By Wei Zhou BBC Chinese
Over the past few weeks, gamers in China have become obsessed with a free-roaming Japanese frog.
Travel Frog has topped the charts of free game category in Apple’s App Store in China for more than a fortnight.
The game, developed by Japanese company Hit-Point and originally called Tabikaeru, is only in Japanese, but is easy to play despite the language barrier.
It lets players own a cute little green frog which lives in a hut, where it eats, writes, reads and sharpens pencil – sometimes it dozes over books.
Out in its garden, player can collect clover, the primary currency in the game. You collect 20 clovers once every three hours simply by swiping across the garden, or you buy them with real money if you are too impatient to wait for them to grow.
But the most curious feature of the app is that beyond that, players have very little control of the frog. It will frequently leave its home and travel around Japan on a whim.
Players never know when the frog sets off, when it will get back or what it will bring on its return. Sometimes the frog goes home within a few hours; sometimes it could be gone for as long as four days.
It might send postcards, clovers, souvenirs – or might do absolutely nothing for its owner.
There is no way for the owner to control or interact with the frog.
The only thing that players can do is to prepare food, tools and amulets for the wandering frog.
Taste of parenthood
“I like the game because the frog does whatever it likes and I don’t have to spend a lot of energy on it.” 27-year-old Shen told the BBC.
Xian told the BBC she became a frog keeper a week ago, when she saw her friends share photos on WeChat, the Chinese equivalent of Facebook.
“I check my frog almost every 10 minutes at work, because my job is boring. I marvel at the photos that it sends to me from its adventures,” said the 25-year-old.
“My mother longs for my return home when I am away, but she wants me to go out when I am home. That’s my exact feeling towards my frog,” Xian said.
“But I feel desperate when I keep receiving photos of itself: it is so antisocial and doesn’t make friends!
“Today, it posed together with a rat, I almost cried with joy, it finally has friends!” Xian said.
According to the latest data obtained by the BBC, via US-based App Annie, Travel Frog has been downloaded more than 3.9 million times in Apple’s App Store in China since its launch in December.
Chinese players have spent more than $2m on in-app purchases for their frog babies.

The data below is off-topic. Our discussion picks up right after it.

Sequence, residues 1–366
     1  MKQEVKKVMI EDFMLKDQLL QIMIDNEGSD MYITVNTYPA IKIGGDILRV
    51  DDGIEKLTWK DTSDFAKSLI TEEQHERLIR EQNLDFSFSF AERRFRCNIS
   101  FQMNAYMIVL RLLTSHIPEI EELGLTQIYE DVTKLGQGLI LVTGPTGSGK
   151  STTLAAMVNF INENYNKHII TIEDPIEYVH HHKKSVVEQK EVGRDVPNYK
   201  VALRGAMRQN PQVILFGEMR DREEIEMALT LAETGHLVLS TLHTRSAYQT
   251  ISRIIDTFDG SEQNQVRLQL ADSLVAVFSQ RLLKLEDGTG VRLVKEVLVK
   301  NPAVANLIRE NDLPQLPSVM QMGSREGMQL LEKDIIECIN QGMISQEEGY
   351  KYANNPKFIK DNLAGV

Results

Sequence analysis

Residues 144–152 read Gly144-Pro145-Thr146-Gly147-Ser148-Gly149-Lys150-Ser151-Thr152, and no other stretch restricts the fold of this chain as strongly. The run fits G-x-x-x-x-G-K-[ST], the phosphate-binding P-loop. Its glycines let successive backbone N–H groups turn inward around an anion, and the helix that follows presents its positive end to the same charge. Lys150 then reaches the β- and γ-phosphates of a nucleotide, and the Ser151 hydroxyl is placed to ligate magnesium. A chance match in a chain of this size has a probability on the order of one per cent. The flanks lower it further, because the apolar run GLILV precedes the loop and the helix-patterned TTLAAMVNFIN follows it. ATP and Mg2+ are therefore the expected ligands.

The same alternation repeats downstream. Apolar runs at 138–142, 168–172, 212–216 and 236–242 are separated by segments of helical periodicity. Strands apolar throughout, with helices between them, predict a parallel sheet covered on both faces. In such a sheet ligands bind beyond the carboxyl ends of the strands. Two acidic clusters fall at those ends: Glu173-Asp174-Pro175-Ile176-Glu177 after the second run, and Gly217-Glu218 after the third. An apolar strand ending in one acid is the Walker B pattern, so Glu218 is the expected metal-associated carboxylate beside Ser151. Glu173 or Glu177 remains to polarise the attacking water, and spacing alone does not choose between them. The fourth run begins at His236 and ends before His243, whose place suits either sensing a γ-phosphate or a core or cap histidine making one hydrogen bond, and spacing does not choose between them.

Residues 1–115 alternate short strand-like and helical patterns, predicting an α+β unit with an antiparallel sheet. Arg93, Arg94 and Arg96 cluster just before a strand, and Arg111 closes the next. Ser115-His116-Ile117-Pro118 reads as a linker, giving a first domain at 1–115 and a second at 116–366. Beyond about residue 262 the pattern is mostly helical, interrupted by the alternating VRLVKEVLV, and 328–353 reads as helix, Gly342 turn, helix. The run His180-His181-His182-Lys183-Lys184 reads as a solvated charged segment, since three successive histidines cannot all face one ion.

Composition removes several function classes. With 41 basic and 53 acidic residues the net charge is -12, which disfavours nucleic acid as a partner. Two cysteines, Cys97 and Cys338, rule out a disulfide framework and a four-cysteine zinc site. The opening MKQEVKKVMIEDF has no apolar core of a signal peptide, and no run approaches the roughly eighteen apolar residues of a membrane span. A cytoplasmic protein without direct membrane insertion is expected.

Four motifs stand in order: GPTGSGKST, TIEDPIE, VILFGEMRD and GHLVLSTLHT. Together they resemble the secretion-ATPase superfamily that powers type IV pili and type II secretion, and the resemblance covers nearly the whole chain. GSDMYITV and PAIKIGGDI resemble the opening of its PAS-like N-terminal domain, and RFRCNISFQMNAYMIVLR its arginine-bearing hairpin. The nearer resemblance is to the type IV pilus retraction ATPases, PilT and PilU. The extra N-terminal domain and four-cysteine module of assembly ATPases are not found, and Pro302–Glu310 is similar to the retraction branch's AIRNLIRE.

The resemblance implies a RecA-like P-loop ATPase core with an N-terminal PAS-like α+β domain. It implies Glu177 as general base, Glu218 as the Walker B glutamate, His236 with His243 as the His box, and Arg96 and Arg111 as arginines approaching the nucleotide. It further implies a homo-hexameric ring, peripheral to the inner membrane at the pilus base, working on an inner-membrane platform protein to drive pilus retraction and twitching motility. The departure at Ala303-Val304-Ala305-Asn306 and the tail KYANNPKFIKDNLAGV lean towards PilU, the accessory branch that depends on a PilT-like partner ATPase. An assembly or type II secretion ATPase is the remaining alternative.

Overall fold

In Japan, however, it’s been downloaded a mere 400,000 times on the App Store and Google Play combined, with users spending only $100,000.
So what’s the appeal?
“It really suits the post-90s generation, because we are overwhelmed with work,” said Shen.
When he saw the game going viral on Weibo, the Chinese equivalent of Twitter, he downloaded it instantly and now checks his phone frequently for frog updates.
“Every time I open it, I am full of expectations. I want to know whether my frog is travelling, and what photos it has sent to me. I feel it is my son.”
When the frog is travelling, Shen finds another way to kill time.
He has created a WeChat group called “Post-90s Empty Nester Huddle Together for Warmth”. Young people share feelings of parenthood in the group, to while away their frogless hours.
As with so much in China, a political angle to the game has evolved too.
Some players have related the love of the frog to “toad worship”, the surprising fandom around Jiang Zemin.
The former president Jiang led the Communist Party from 1989 to 2002, and has unexpectedly become a popular figure among young Chinese in recent years, even among those who were not born when he was in power.
His appearance has earned him the nickname “toad”.
“I name my frog ‘the elder'”, Lin Xi, a student from China’s South West University posted on Weibo, using another common online term for Jiang.
But while the Communist Party may frown on toad worship, they seem so far to be OK with the frog fans.
The People’s Daily, the Communist Party’s mouthpiece has used it as a chance to encourage “core values” by urging young people to visit their parents more.
“The travelling frog is like everyone away from home,” it posted on Weibo.
“What’s the feeling of waiting for your kid? Please remember to visit your parents, all wandering frogs.”